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Andromeda visible in northeastern sky

Greetings stargazers.

Andromeda is one of the 88 modern constellations that was likely known and named long before it appeared on Ptolemy’s list in the second century CE. But my experience is that more people associate the name Andromeda with the Milky Way’s nearest neighbor galaxy than they do the constellation. And there might be a few of you like me, who first associated the name Andromeda with “The Andromeda Strain” movie based on the Michael Crichton sci-fi thriller. But it is worthwhile to remember the constellation that predated our knowledge of galaxies and any pop culture references.

Tonight, the constellation Andromeda is in the northeastern sky right after sunset. I see it as a curved, sideways “V,” like a cornucopia spilling out to the north toward Cassiopeia. Many people find Andromeda by looking to the right and under the tilted “W” of Cassiopeia, but I usually start from the other direction with the Great Square of Pegasus. The square is at a 45-degree angle in a relatively empty part of the sky and is almost due east in the early evening. The left-most star of the square, Alpheratz, is shared between Pegasus and Andromeda, and is the tip of the V in Andromeda.

Halfway along the V and toward the W of Cassiopeia is the galaxy. At 2½ million light years away, M31 is the most distant object visible to the naked eye. But most of us can only see the bright, central core. The spiral arms seen in photographs are visible through binoculars on a dark night. They extend out so far that the entire galaxy spans the same width in the sky as six full moons.

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The star at the end of the bottom branch of the V is Almach, one of the most beautiful double stars visible with a small telescope. The brighter of the pair is a vivid gold and the other is an intense blue.

The Greco-Roman mythology surrounding Andromeda is one of the more elaborate stories and involves many characters that are now represented by various constellations in the surrounding part of the sky. Andromeda was the beautiful daughter of Cassiopeia and Cepheus (adjacent constellations) the queen and king respectively of Ethiopia. Cassiopeia claimed Andromeda was more beautiful than the Nereids (Sea Nymphs). This was a great insult, so the Nereids petitioned Poseidon to destroy the country. To appease the insult, Cepheus was ordered to sacrifice Andromeda, so she was chained to a rock by the sea to be eaten by the sea monster Cetus. Thus, she gets the name “chained woman.” Perseus, the hero of the story (and another constellation), comes to the rescue and uses the head of Medusa to get rid of the monster. He then marries Andromeda, they have lots of kids, and they all eventually get put into the sky.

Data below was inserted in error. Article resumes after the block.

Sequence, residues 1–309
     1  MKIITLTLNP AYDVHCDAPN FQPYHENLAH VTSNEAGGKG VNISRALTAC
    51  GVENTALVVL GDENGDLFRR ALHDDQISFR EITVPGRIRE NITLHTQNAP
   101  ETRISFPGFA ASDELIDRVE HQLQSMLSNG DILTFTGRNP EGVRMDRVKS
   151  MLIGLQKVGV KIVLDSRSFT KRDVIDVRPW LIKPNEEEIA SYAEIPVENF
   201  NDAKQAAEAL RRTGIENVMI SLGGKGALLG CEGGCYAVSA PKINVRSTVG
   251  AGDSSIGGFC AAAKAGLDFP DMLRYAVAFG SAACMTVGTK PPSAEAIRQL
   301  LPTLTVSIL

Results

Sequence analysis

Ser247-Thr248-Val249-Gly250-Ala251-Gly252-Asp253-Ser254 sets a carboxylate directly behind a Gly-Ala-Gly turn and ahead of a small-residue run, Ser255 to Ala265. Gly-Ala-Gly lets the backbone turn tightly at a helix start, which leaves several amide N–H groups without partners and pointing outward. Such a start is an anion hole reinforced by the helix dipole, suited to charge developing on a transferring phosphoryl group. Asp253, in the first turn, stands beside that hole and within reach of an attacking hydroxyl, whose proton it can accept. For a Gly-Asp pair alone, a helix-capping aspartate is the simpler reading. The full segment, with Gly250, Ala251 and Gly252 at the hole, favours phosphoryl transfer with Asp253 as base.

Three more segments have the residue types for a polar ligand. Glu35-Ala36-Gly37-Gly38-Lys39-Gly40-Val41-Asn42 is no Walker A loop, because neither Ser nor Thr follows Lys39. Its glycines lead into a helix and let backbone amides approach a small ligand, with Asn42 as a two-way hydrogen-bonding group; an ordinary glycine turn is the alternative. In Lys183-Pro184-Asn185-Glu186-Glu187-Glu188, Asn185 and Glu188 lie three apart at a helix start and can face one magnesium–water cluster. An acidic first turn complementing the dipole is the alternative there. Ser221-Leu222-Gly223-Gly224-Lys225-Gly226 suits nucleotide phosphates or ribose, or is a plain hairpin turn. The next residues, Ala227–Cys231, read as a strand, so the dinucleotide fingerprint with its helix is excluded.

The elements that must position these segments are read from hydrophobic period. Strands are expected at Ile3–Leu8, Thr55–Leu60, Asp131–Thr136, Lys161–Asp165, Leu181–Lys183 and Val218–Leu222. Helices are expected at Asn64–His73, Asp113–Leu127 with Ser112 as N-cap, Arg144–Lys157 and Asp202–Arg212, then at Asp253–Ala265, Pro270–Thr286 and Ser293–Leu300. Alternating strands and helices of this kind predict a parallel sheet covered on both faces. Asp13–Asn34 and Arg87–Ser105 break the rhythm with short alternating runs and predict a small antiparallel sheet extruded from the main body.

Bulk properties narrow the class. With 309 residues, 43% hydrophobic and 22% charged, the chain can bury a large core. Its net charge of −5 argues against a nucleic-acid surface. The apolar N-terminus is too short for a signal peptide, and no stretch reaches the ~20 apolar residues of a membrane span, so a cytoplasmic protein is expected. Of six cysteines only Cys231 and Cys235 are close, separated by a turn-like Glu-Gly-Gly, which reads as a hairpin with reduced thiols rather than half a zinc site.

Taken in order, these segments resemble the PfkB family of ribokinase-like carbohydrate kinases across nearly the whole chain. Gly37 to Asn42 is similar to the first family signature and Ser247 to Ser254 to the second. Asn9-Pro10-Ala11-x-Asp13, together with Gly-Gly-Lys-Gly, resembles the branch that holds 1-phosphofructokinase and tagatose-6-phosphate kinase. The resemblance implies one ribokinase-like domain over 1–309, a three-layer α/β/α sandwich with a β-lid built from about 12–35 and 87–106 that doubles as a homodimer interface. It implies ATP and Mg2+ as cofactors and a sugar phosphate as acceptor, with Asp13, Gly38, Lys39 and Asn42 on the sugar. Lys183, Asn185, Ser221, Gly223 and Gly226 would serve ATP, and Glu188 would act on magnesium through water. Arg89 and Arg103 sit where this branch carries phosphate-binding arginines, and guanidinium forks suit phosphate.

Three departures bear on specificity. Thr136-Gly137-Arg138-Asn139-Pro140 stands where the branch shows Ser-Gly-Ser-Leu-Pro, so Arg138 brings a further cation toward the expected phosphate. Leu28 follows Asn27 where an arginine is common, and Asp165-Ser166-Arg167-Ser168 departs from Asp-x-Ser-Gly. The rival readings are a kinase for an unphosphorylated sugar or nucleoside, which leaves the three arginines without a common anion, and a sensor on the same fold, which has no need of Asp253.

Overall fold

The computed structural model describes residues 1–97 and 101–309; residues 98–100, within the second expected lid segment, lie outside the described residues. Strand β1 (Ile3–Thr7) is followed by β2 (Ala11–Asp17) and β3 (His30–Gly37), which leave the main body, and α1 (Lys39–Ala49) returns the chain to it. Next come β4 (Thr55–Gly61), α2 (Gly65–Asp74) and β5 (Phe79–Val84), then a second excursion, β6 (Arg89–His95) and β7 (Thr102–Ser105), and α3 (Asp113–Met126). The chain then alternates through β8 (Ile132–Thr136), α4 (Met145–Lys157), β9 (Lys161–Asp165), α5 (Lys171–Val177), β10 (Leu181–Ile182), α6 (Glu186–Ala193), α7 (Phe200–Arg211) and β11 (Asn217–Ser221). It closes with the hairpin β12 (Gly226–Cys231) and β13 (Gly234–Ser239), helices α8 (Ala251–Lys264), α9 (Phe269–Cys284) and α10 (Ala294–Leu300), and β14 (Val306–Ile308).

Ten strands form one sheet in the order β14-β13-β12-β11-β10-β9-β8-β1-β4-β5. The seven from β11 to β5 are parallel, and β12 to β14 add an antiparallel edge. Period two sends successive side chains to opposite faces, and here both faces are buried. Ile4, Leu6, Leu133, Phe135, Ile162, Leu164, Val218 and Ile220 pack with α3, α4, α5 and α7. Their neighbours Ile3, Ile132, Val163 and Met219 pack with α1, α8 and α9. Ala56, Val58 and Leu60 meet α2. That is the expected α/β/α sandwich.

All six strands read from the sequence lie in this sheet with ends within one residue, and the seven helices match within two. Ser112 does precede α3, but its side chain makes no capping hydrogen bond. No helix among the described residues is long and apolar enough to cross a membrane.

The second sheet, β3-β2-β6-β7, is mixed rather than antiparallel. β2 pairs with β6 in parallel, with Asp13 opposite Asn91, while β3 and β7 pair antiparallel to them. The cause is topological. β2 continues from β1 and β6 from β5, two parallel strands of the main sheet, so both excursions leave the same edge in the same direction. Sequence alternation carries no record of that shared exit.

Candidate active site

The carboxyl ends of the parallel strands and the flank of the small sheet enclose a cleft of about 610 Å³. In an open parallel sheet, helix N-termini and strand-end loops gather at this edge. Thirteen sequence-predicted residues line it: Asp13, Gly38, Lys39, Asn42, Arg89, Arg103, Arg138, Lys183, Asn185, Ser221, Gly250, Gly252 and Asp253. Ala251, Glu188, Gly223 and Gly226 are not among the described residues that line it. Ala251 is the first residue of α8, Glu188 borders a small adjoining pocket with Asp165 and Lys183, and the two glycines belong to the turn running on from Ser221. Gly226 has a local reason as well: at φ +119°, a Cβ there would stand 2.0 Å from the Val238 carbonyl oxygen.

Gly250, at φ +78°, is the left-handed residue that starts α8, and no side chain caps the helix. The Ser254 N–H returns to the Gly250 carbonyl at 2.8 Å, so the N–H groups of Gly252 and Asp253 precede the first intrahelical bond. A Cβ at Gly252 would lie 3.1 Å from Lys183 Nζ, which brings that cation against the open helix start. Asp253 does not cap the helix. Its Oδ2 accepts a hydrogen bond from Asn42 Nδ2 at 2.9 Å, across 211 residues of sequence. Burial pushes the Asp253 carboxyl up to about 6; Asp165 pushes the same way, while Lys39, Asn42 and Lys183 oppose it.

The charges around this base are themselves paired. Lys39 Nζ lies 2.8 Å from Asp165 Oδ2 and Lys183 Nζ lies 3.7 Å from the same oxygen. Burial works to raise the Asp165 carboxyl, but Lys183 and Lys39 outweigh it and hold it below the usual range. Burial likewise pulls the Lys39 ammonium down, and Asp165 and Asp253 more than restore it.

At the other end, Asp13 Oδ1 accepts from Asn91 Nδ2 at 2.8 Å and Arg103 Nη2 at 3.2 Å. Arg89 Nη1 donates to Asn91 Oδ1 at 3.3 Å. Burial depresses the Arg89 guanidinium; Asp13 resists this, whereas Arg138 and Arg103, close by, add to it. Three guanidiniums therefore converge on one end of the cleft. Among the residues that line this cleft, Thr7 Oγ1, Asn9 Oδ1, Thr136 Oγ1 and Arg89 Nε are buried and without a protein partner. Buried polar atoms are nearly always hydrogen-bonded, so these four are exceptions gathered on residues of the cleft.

This month

The outer planets are lining up in the evening sky and are a good indicator of the ecliptic.

Saturn, to the south at magnitude 0.5 is brighter than most stars. But it pales when compared to Jupiter at magnitude -2.9. Jupiter made its closest approach to Earth last month, but is even more convenient to see this month because it is a bit higher in the sky earlier in the evening. Tonight it is near the almost-full moon.

Mars is finally rising in the late evening and has just begun its retrograde (westward) motion against the background stars as the Earth passes it in its orbit. It will reach opposition in December and will be more conveniently positioned to see after that time.

Venus had been the morning star for a while, but is very close to the sun now and will be passing behind it on the 22nd. It will reappear as the evening star next month.

The Orionids meteor shower peaks on the 21st, and will be visible after midnight for a few days both before and after the peak. Because the new moon is on the 25th, the skies might be extra dark and provide some good viewing.

Charles Hakes teaches in the physics and engineering department at Fort Lewis College and is the director of the Fort Lewis Observatory.